How old were you when you first picked up a camera?
I was 42 when I bought my first camera. I’ve been a musician my whole life and spent a lot of time in the music world, but some life circumstances shifted for me that required me to be a little bit more sedentary and cut back on the physically exertive things I was used to doing. I had to find something new to occupy my time, so I decided to buy a camera & mess around with it. Things took off pretty quickly for me from there.
What drew you into the world of live music photography?
Having come from the music world, it was something I was very naturally drawn to. It’s a world I understood very well and also had many personal connections to. I discovered pretty quickly that the exciting and dynamic environment of a live show with something I had an aptitude for shooting and I really just enjoyed being in that space. I felt comfortable there. I feel my best work is done when capturing a moment as it’s happening as opposed to setting something up or doing something conceptual and staged, and of course, live music is a nonstop cascade of capturable moments.
Is there one show you shot that’s defined your style to date?
I can’t say there’s one particular show, but there have been a few bands I really gravitated towards, and feel the vibe of the music and my aesthetic match really well. I think the music photographers I’ve looked up to and admired have had more of an impact on my style than any one show or band. Photographers like Anton Corbjin, Stefaan Temmerman, and Reid Haithcock are amazing at what they do and I have often looked to them for inspiration.
Do you have a favorite band to shoot, and why?
Definitely. Amenra is probably my favorite, for a whole slew of reasons. Their shows are incredibly dynamic, powerful, authentic, and intense. King Woman, Cult Leader, Chelsea Wolfe, and Wovenhand are also favorites. I’m a huge fan of all of their music, and shooting them playing live makes me feel intimately connected to the band and their music in a really special way. It’s almost like I’m performing with them, only in a different dimension.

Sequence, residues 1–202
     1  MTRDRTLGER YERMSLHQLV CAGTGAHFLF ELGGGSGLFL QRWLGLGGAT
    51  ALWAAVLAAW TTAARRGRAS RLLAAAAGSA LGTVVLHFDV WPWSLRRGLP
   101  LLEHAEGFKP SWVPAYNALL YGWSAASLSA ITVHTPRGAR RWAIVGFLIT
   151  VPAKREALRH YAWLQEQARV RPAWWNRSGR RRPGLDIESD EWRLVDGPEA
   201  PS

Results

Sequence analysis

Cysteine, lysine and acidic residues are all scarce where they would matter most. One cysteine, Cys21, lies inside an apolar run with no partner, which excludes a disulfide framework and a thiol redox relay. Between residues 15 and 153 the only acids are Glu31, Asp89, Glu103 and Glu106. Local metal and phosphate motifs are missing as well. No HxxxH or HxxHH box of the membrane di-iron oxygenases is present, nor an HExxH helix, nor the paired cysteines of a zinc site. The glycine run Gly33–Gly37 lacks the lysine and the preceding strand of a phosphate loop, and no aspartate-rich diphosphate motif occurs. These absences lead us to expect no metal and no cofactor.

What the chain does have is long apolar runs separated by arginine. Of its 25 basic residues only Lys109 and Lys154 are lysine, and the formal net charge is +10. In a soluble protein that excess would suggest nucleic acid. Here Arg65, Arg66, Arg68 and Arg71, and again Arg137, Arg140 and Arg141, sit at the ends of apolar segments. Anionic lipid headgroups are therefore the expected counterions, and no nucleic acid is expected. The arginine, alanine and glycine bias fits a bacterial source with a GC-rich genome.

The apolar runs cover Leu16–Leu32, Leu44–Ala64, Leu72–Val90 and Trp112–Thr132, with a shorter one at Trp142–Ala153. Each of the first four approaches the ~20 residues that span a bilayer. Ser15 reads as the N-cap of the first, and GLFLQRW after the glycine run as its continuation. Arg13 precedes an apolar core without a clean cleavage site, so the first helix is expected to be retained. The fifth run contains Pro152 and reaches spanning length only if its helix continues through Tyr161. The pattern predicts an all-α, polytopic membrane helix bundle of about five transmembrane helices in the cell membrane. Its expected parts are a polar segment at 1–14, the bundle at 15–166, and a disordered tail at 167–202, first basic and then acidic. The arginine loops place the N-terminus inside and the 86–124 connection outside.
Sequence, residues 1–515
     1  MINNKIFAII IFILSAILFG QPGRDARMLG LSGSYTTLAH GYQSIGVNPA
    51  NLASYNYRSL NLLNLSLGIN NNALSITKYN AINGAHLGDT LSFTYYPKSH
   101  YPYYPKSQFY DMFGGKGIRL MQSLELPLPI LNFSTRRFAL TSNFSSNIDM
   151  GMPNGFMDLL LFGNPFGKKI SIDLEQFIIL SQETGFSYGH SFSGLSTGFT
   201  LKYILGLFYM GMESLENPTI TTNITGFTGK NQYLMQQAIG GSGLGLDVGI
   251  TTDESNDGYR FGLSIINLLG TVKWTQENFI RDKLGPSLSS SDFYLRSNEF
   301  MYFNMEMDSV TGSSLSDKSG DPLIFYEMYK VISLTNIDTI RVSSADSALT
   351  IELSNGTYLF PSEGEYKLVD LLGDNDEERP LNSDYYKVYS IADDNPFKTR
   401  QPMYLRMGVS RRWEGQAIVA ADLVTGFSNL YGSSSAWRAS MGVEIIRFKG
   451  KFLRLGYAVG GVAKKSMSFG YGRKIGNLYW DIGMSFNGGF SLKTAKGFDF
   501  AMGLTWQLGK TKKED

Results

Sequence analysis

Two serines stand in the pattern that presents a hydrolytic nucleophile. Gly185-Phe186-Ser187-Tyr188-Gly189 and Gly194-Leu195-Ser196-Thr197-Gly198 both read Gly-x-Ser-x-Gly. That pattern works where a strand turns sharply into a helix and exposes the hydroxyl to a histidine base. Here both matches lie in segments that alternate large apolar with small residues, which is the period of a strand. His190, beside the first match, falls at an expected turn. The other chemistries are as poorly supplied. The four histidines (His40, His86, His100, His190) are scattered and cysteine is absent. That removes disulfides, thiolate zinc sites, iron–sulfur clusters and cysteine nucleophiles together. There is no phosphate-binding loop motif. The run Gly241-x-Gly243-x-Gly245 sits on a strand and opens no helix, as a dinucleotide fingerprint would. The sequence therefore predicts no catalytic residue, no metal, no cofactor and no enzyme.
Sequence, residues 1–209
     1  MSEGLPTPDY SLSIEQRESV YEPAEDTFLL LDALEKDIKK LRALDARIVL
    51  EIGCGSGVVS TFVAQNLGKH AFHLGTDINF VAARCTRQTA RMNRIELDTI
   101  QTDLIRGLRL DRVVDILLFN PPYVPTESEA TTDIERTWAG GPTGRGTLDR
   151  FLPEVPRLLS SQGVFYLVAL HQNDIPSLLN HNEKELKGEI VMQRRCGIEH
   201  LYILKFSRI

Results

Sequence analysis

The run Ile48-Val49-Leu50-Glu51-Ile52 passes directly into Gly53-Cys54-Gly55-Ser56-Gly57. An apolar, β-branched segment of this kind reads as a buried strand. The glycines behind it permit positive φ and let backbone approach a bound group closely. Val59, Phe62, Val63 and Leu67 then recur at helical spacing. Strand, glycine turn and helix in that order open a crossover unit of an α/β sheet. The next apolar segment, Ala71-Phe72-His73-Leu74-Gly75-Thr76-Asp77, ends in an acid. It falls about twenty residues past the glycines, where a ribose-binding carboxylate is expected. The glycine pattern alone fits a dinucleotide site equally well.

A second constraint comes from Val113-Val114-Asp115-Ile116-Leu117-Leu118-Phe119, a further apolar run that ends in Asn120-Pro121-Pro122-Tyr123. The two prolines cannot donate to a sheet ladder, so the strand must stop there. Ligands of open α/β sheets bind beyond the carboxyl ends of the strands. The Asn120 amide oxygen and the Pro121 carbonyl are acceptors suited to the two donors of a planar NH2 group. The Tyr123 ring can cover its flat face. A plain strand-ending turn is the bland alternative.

How do you capture the emotion and energy of the band and the audience?
I typically don’t spend much time focusing on the audience at shows, but every once in a while I get lucky and capture a moment between the audience and performer that really says something emotionally. Often those are the best & most meaningful moments. That connection can be powerful.
As far as the bands are concerned, it’s really just a matter of waiting for a moment to reveal itself, anticipating what the performers might do next, and trying to keep my composition brain working through all the chaos. When I’m familiar with the band’s music, it gives me an extra edge to know when to be in the right spot at the right time.
How important is the venue for your photos? What’s your favorite venue to shoot bands at?
The venue can be crucial. It’s generally a welcome challenge to take photos in an ugly or badly lit venue, but sometimes there’s just nothing you can do. On the other hand, there are definitely some places that can do half of the work for you, just by being beautiful. The Great American Music Hall and The Chapel in SF are a couple of good ones, and shooting in large-ish venues with a photo pit can make life a lot easier in many ways, not having to show up when doors open to snag a spot in front of the stage like you have to do for club shows. When I’m traveling with a band and have full access to the stage, I love shooting from behind the band towards the audience. There’s something visceral and evocative for me when shooting from the band’s perspective. It’s a perspective most audience members don’t get to see for obvious reasons, which makes it really special to me.
Before Isolation, do you think that you took going to shows for granted?
To be honest, I was shooting shows less and less in the year leading up to the lockdown, but I think it’s safe to say we all took live music for granted since it was so readily available for many of us. There were many years where I didn’t go to any shows that I wasn’t actually performing in (before I was a photographer), but getting back into the scene as a photographer and seeing a lot of live music again was a wonderful renewal of my love for live music.